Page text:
Grizzly Gaming

Friday, May 18, 2012

Review: The Witcher 2 - A thrilling, if challenging, fantasy RPG adventure

Creating tense, interesting and intriguing drama is a difficult task no matter what the form of media and video games have traditionally, unfortunately, suffered from lackluster writing. In terms of game development – especially at smaller companies – resources are usually reserved to refine aspects of the gameplay, sharpen the visuals or make the sound more crisp usually leaving room for a barebones story that may or may not include compelling, developed/developing characters, or even much of a coherent plot. As long as the game is pretty and plays well, many gamers can overlook a pedestrian plot (the “Call of Duty” series is a perfect example of this – the story of each game could be interchangeable [you know, depending on the time period of the game] but each new addition to the series somehow breaks the sales records set by the previous one).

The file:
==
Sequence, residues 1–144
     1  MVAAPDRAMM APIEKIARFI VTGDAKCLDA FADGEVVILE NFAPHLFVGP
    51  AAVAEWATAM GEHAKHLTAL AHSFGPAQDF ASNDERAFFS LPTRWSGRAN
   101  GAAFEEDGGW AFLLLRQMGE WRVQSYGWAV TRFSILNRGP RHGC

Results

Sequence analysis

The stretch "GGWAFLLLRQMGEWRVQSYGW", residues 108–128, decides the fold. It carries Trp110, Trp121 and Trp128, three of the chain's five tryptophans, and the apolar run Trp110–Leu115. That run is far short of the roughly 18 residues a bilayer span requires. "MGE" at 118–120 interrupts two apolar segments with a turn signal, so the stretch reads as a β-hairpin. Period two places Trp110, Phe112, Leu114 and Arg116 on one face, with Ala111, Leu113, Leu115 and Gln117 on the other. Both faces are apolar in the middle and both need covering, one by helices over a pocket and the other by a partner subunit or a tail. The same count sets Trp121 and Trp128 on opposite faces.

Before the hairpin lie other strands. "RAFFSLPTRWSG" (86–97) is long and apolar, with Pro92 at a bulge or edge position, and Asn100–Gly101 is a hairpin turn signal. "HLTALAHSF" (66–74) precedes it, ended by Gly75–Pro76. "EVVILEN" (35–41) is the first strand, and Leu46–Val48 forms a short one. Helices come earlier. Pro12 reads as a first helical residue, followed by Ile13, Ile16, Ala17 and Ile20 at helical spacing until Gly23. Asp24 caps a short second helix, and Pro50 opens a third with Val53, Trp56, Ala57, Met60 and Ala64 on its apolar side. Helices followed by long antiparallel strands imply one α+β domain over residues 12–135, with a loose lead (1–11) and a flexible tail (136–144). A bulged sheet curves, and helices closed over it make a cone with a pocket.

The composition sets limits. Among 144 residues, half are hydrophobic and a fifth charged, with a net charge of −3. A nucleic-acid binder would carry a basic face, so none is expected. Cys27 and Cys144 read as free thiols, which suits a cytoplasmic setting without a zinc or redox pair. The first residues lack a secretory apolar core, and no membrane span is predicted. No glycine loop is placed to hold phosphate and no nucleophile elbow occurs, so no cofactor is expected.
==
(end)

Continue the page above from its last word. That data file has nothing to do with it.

But the dramatic failings of other games simply cannot be said of “The Witcher 2: Assassin of Kings: Enhanced Edition,” developed by CD Projekt Red for the Xbox 360. A third person, action/adventure, fantasy RPG, “TW2” takes place in a medieval time ruled by swordsmanship and magic but more than that, takes place in a land characterized by constant war and political upheaval. A majority of the themes present in “TW2” are very adult and the subject matter of many of the games quests and storylines would not be considered “child friendly.” Though it may seem like another “Skyrim” or perhaps even “Fable,” “TW2” takes a drastically different approach to storytelling (with heavier themes and topics covered) and gameplay than the aforementioned titles.